You might respond that the Kuratowski trick at least has the virtue of being an all-purpose way of getting pairs of anything, while you can only use the powers-of-primes trick for coding pairs of numbers. But that’s like saying that you can use sledgehammers to crack all sorts of things, while you can only use nutcrackers for nuts; true, but not to the point if it happens to be nuts you currently want to crack.

Putting the point more abstractly, suppose X are some objects and Y are some objects (maybe the same, maybe different). Then we’ll say a *pairing scheme* for X with Y comprises some ‘pair objects’ O and a surjective two place function *pr* from X and Y to O, such that there are functions *fst *from O to X, and *snd *from O to Y which ‘recover’ the first and second items in a pair object in the obvious way. Set things up right, and pairing schemes are unique up to unique isomorphism. Then the ‘pair numbers’ trick and Kuratowski trick (with their obvious respective functions *pr*, *fst*, s*nd*) yield equally good pairing schemes.

This is a common situation: we specify conditions on some mathematical gadgets, and then show that we have pinned them down uniquely up to unique isomorphism. And doing this, i.e. fixing gadgets up to unique structure-preserving bijection, arguably gives us all that we will normally need for mathematical purposes.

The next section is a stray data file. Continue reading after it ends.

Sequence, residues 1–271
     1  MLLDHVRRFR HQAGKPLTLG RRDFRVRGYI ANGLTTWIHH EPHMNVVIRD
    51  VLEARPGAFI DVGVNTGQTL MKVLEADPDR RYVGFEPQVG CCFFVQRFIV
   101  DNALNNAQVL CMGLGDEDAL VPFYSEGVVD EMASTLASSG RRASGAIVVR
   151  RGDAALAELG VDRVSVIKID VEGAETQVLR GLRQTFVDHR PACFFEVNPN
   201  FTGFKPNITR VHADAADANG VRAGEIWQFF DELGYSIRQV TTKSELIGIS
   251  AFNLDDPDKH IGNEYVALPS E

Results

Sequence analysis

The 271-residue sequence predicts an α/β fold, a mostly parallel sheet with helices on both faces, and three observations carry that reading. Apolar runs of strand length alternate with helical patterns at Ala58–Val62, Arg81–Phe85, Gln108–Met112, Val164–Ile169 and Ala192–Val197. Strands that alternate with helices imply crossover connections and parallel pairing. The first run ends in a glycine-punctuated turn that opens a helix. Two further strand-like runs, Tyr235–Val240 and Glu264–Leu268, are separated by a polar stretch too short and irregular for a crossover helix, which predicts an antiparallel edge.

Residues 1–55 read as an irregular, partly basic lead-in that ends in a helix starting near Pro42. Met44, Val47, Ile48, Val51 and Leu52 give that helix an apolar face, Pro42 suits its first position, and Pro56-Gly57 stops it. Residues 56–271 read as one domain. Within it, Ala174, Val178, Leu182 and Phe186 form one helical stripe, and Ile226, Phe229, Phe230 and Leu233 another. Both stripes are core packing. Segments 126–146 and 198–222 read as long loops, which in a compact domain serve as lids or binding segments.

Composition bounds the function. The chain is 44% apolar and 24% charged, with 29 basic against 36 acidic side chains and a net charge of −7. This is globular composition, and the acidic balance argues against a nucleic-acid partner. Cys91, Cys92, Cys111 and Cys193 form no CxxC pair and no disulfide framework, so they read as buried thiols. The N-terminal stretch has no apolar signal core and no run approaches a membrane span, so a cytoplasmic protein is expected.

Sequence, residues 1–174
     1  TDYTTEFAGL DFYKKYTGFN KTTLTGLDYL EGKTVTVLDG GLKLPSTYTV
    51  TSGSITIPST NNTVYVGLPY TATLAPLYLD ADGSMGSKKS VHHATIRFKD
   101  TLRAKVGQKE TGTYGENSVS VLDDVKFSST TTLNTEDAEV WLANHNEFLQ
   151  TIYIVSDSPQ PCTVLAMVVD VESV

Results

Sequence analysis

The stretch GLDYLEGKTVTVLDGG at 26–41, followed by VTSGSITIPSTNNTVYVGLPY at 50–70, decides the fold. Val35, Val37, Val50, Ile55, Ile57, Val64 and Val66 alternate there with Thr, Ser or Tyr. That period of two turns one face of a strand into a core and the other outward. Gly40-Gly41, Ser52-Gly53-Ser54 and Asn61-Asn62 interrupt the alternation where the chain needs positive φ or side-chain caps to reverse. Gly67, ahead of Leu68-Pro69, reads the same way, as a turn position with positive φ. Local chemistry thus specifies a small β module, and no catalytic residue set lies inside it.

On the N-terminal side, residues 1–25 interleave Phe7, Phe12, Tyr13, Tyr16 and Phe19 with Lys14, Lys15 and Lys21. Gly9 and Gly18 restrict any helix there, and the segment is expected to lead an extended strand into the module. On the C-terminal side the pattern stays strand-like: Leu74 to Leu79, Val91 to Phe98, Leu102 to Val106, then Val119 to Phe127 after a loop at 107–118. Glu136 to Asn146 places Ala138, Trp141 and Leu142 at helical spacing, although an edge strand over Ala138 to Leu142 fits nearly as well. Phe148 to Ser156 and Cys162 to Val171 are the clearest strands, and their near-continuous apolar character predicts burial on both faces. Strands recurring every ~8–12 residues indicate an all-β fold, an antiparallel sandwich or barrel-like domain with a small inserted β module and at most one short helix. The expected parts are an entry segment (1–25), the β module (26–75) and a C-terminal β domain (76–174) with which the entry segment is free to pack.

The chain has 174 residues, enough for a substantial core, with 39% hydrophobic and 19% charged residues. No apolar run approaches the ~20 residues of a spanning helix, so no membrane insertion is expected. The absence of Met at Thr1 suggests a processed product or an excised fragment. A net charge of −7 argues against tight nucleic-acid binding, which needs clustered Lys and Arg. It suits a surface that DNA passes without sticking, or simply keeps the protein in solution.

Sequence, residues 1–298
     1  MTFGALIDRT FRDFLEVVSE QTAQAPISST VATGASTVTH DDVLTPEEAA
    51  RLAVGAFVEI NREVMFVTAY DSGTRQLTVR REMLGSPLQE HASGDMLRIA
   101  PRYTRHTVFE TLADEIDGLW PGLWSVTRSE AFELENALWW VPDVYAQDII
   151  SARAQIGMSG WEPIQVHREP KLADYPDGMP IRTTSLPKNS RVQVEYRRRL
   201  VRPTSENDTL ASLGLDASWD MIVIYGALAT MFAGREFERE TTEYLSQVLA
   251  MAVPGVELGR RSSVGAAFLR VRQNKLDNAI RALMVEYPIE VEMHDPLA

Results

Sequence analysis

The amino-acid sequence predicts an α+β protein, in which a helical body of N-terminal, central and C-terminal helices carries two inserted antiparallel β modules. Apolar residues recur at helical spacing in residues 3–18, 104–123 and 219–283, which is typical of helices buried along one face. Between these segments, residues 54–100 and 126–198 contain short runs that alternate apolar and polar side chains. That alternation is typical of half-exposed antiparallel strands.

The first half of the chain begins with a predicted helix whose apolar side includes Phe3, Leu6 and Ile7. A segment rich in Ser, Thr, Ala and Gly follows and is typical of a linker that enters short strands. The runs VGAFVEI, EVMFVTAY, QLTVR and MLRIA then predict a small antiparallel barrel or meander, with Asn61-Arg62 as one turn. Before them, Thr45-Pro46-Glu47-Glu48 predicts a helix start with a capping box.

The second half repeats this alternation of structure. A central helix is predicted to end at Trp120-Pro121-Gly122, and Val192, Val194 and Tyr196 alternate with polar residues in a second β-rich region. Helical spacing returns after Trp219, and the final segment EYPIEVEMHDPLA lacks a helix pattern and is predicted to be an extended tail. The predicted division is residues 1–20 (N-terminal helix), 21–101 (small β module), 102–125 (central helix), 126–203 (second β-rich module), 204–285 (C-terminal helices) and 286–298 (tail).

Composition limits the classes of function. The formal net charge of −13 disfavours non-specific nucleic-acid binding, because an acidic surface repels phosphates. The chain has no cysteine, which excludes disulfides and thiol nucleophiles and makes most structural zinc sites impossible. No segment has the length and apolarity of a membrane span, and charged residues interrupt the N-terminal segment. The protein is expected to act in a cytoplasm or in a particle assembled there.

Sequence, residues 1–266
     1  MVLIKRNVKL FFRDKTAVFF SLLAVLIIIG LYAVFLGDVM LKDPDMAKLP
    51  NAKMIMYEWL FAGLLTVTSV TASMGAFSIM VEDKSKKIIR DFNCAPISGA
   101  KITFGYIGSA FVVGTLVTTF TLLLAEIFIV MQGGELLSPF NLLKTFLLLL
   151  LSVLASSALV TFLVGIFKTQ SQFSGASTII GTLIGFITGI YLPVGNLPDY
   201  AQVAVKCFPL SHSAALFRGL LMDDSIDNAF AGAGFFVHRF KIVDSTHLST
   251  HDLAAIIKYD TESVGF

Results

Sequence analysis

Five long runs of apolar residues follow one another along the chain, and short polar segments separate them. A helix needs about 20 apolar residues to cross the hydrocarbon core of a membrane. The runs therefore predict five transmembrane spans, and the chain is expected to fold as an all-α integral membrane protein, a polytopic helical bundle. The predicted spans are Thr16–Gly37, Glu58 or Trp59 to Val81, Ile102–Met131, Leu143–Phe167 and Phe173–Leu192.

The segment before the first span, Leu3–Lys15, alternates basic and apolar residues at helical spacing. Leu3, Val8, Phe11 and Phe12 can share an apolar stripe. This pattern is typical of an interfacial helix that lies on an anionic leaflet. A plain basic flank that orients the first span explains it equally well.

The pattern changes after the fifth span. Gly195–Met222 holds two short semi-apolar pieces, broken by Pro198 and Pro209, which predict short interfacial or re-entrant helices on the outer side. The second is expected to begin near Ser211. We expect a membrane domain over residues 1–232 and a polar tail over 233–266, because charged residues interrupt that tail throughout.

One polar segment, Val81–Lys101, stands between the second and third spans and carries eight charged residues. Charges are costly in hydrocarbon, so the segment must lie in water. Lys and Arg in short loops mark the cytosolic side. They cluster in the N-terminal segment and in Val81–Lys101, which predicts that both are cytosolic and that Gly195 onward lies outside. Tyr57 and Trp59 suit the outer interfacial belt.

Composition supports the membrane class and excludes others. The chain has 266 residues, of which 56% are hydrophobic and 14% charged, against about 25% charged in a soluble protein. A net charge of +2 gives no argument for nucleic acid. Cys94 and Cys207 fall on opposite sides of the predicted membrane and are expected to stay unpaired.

To take the case of natural numbers as the trite example, we might reasonably suppose that for mathematical purposes one omega-sequence is as good as another for implementing the numbers. True, to continue with the example, we will only be concerned as number-theorists with what holds true of numbers irrespective of the implementation. So, following Dedekind, perhaps we might insist that we should go on to abstract from the various ‘concrete’ implementations within richer frameworks (implementations which give numbers unwanted extraneous properties), and say that numbers themselves are distinguished as having no properties other than those they get in virtue of their place in the structure shared by different more concrete implementations. Well say that if you like: it doesn’t matter one way or the other for most purposes.

And my present point is that we can be equally insouciant about what pairs of numbers ‘really’ are. My preferred scheme for pairing numbers and the more familiar set-theoretic scheme are just as good as each other, in that both ‘define’ pairs equally well for mathematical purposes. But if you *do* remain minded to go on in a Dedekinian spirit to say that, still, neither our pair-numbers nor the Kuratowski sets are *really* pairs (because both schemes treat pairs as objects with too much irrelevant structure), and we ought really to abstract away from these concrete implementations, then so be it. But that certainly doesn’t spoil the symmetry and make my way of treating pairs of numbers any worse that the familiar standard way.